Over the next two years an additional 12 1/2 acres of land was purchased for future expansion, a monthly prison outreach to Lew Sterrett Justice Center was begun and approximately 640 new members were added to the church. In addition, a new visitor brochure was completed, and all operations were computerized. Pre-membership classes were restructured, and small group spiritual growth classes were begun to address the needs of new members. Youth baptism classes officially started and were held three times during 1992. The Village Oaks Apartment complex ministry started and included weekly Bible studies for adults, youth and children, as well as a special Christmas outreach to over 21 families. The medical ministry expanded its preventive medical program with regular seminars on maintaining good health and began regular blood pressure screenings.
The Reach and Rescue program was started to minister to members not regularly attending worship services. At this time, the church began streamlining its activities into departments under the six major ministry areas—Discipleship, Fellowship, Christian Education, Worship, Outreach and Administration.
In 1994, construction of the new Worship Center was officially started in order to meet the demands of a growing church family. The church leadership placed heavy emphasis on moving a large percentage of the congregation through the core curriculum of the Center for Christian Growth, which led to the largest registration ever. Century Builders was contracted to begin construction of the new 99,000 square foot, $7.5 million Worship Center.
A variety of major expansions took place in 1995. Fellowship Christian Academy expanded to the sixth grade, and implementation of the new leadership track and ministry-based discipleship program was begun. Rev. London was added as our new full-time Associate Pastor of Worship, Rev. LaFayette E. Holland was added as Associate Pastor of Outreach, and Mr. Gregory Smith became the new church Business Administrator. The comprehensive church-based impact program known as Project Turnaround was successfully organized under ACDS and is promoted through the church to address the social, economic, educational and family needs of the broader community. Our gender-based discipleship program (M’PACT—Mentoring People According to Christ’s Teaching), which was designed to help mature the believer by meeting spiritual and emotional needs, saw tremendous growth through the Men’s and Ladies’ Fellowship. The church-wide evangelistic outreaches were accomplished through the Village Oaks program and the Jesus Video Project that witnessed to approximately 550 individuals.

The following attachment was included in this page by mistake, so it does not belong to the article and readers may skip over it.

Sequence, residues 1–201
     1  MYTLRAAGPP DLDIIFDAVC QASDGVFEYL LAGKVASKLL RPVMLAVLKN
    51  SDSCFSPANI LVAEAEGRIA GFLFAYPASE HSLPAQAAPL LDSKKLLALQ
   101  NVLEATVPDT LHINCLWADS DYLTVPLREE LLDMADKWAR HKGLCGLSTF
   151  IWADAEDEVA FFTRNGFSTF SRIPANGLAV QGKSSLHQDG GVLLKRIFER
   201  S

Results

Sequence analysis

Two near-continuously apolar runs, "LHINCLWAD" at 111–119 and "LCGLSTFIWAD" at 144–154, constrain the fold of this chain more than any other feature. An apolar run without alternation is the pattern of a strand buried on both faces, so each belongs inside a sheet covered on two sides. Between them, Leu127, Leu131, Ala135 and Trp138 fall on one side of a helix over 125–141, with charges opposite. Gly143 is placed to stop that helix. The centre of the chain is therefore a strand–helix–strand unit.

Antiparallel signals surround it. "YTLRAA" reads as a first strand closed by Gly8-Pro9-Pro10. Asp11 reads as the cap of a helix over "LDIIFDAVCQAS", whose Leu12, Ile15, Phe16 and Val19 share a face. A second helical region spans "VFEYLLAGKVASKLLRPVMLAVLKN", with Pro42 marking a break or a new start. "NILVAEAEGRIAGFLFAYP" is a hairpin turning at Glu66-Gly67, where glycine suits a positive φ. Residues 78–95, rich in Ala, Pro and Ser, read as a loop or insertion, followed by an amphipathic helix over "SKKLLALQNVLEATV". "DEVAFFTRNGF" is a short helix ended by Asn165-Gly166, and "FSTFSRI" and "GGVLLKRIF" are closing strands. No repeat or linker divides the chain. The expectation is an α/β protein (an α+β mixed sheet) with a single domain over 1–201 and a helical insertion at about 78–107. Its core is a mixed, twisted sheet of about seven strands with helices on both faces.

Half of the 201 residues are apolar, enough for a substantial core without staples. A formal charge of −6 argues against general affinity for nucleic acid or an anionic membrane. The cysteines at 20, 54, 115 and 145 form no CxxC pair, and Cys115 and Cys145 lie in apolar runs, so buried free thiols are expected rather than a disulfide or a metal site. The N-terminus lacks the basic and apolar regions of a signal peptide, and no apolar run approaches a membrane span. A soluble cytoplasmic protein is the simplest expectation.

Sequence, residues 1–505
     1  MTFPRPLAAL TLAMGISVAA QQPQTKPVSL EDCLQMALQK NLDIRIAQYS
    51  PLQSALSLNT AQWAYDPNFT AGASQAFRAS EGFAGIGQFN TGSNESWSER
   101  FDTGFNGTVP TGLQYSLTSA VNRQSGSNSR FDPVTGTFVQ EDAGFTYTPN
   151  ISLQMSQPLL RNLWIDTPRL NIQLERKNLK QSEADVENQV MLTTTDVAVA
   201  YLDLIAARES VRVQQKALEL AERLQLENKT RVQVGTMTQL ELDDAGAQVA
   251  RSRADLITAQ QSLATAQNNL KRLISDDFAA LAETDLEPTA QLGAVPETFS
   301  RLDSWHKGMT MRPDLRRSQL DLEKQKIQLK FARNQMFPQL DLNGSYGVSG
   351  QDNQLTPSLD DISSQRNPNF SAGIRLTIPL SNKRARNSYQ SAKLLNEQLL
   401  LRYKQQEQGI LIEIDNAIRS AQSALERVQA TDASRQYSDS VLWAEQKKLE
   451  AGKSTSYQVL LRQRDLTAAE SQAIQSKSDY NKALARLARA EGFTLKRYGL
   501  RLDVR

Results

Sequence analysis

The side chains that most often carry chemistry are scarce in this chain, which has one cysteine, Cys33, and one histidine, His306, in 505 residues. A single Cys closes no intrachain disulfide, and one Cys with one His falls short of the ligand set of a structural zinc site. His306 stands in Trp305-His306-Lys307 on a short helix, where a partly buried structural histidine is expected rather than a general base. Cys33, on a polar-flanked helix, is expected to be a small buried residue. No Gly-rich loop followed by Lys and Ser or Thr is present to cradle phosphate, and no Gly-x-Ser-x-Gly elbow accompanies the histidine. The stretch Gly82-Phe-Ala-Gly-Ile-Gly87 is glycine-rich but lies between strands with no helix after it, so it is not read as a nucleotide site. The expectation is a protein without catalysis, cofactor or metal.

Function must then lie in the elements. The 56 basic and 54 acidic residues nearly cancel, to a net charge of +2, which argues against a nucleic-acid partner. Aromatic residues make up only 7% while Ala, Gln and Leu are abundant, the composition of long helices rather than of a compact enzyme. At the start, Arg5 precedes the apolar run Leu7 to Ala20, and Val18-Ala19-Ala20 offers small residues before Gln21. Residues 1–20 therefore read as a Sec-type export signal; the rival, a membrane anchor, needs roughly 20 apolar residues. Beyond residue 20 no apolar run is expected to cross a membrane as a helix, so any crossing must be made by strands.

After much prayer and fasting, the church culminated the long-awaited opening of the OCBF Worship Center by marching into the sanctuary on Sunday, October 1, 1995 to the sound of the trumpet blast. The new Worship Center houses the offices of the Senior Pastor, the Assistant Pastor, the Worship Pastor and the Business Manager and their staffs. It enables the church to minister to more than 4,000 people at one time. In conjunction with the opening of the new Worship Center, there was a major expansion in the Wednesday evening prayer service. The Center for Christian Growth and AWANA, the bookstore, the resource center and other ministry areas have increased their ability to minister to the needs of people.
The Assistant Pastor, Martin Hawkins
As seen in the History of Oak Cliff, Dr. Evans has assembled a faithful staff to carry the work forward under his direction. As churches grow, many add a second pastor; that person often received the title Associate or Assistant Pastor. Dr. Martin Hawkins was hired as the Assistant Pastor, a position which he carries to this day. For his doctoral dissertation, Dr. Hawkins has helped define the role of the Assistant Pastor.
The Assistant Pastor’s position is a supportive leadership position. The individual in this position has the primary responsibility to assist the Senior Pastor in creation, implementation, and management of specific functions designed to bring about the unity and maturity of the body of Christ. This will involve working closely with the ruling board as well as the congregation.